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Finding the rank of a projection of u onto v ?

  1. Jul 14, 2008 #1
    hello again,

    I'm once again stumped, i was asked to find the rank and nullity of the projection u onto v so here is the given:

    T(u)=ProjvU, where v = <2,4>

    and this is what i did:

    let u = <u1 , u2> and plugged everything in the projection formula and ended up with < 4 + 2(u1) , -16 + 4 (u2)> / sqrt(20)

    how am i supposed to get the rank from that, it is not even a matrix! all i can think of is that a projection diagram looks like a right triangle and i would assosiate that with triangular matricies and triangular matricies have a pivot in every column, therefore the rank should be 2. and therefore nullity is 0 .

    am i on the right track? thanks in advance.
     
  2. jcsd
  3. Jul 16, 2008 #2

    tiny-tim

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    Hi mohdhm! :smile:

    I'm not following you … what are the spaces U and V? :confused:
     
  4. Jul 17, 2008 #3
    i'm sorry mate, u and v are vectors. (and u1 is the x component of u, and u2 is the y component of u, etc.)

    and the question was supposed to be:

    find the rank and nullity of linear transformation T(u) = ProjvU where v is (1,5). i just assumed that u = < u1, u2>.... how do we get a matrix out of that?
     
    Last edited: Jul 17, 2008
  5. Jul 17, 2008 #4

    HallsofIvy

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    That doesn't answer the question- vectors in what vector space? I suspect U and V are both R2 from the way you have written the vectors.

    First, you haven't shown how you got those calculations but the result you give is now where near correct. In particular, NO linear transformation, in particular no projection can have numbers that are not multiplied by u1, u2, the components of the matrix. What I get for the projection of <u1, u2> is <u1+ 2u2, 2u1+ 4u2>/5.

    Second, a projection is a linear transformation and any linear transformation can be written as a matrix. Using the standard basis, <1, 0> and <0, 1>, <1, 0> is projected to <1/5, 2/5> and <0, 1> is projected to <2/5, 4/5>. That corresponds to the matrix
    [tex]\left[\begin{array}{cc}\frac{1}{5} & \frac{2}{5} \\ \frac{2}{5} & \frac{4}{5}\end{array}\right][/tex]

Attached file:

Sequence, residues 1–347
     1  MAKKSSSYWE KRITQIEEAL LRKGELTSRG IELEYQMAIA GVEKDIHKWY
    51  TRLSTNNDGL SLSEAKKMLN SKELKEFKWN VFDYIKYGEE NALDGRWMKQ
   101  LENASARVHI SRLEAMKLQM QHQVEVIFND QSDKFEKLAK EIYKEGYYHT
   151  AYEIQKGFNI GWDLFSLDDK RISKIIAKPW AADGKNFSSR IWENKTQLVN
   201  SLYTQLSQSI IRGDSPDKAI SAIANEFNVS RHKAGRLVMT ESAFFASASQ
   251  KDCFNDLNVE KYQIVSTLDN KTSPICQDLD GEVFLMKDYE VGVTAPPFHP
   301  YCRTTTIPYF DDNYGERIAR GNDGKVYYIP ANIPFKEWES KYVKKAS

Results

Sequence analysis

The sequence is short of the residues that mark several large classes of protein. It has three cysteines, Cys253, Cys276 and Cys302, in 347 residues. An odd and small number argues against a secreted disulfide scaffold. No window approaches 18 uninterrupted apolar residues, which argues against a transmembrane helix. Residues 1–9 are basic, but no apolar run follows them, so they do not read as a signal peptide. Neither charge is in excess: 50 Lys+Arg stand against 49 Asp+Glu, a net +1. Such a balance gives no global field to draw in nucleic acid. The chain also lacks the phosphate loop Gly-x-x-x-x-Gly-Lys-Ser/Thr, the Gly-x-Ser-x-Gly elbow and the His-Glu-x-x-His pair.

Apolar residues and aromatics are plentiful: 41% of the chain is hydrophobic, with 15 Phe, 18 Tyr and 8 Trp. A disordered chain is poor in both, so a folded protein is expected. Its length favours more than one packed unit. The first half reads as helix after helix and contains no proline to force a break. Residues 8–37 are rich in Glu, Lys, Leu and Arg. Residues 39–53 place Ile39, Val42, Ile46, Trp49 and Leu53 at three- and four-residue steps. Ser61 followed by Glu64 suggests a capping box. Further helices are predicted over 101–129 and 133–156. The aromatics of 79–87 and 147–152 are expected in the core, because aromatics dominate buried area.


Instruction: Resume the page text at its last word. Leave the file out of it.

You idea about how a projection looks like a triangle so its matrix must be triangular makes no sense at all.

    Finally, you don't need to do any of those calculations. the "rank" of a linear transformation, A, on vector space U, is just the dimension of its image, A(U). In the case of a projection onto a single line, that's trivial.
     
  6. Jul 17, 2008 #5
    one last question mate, why do you use the standard basis in this case?
     
  7. Jul 17, 2008 #6

    HallsofIvy

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    Because there was no reason to use any other basis. Another basis would give a matrix equivalent to that (A equivalent to B if and only if there exist an invertible matrix P such that A= PBP-1 or, equivalently, AP= PB. Two matrices are equivalent if and only if they represent the same linear transformation in two different bases.) If I had, for example, used v= <2,4> and <4, -2>, which is orthogonal to v as basis, since the projection of v is just itself and of <4, -2> is the 0 vector, the matrix in that basis is just
    [tex]\left[\begin{array}{cc}1 & 0 \\ 0 & 0\end{array}\right][/tex]

    Do you see that
    [tex]\left[\begin{array}{cc}\frac{1}{5} & \frac{2}{5} \\ \frac{2}{5} & \frac{4}{5}\end{array}\right]\left[\begin{array}{cc}1 & -2 \\ 2 & 1\end{array}\right]= \left[\begin{array}{cc} 1 & -2 \\ 2 & 1\end{array}\right]\left[\begin{array}{cc}1 & 0 \\ 0 & 0\end{array}\right][/tex]

    Can you now answer this: Suppose P(v) is the projection from from R[3] to the plane,through the origin, given by 3x+ 3y+ z= 0. What are the rank and nullity (dimension of kernel) of P?

    You should be able to write them down immediately without doing any calculation.
     
  8. Jul 17, 2008 #7
    yup, solved it. thankyou.
     
  9. Jul 17, 2008 #8

    HallsofIvy

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    So, what was your answer?
     
  10. Jul 17, 2008 #9
    wait answered th wrong question
     
  11. Jul 17, 2008 #10
    the answer is rank = 1 and nullity = 2 for your question
     
  12. Jul 17, 2008 #11

    HallsofIvy

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    No, it's the other way around! Since the projection was onto a plane, the projection maps a 3 dimensional vector into a two dimensional vector. Any vector perpendicular to the plane- that is any vector on the line through (0,0,0) perpendicular to that plane is mapped into the 0 vector and so is in the kernel of the projection. The rank is 2 and the nullity is 1.

    For your original problem, you had a projection from two dimensional space onto a one dimensional subspace, a line. Any vector perpendicular to that, that is any vector parallel to the line perpendicular to the vector <2, 4> is in the null space. Hopefully you got 1 for both rank and nullity.
     
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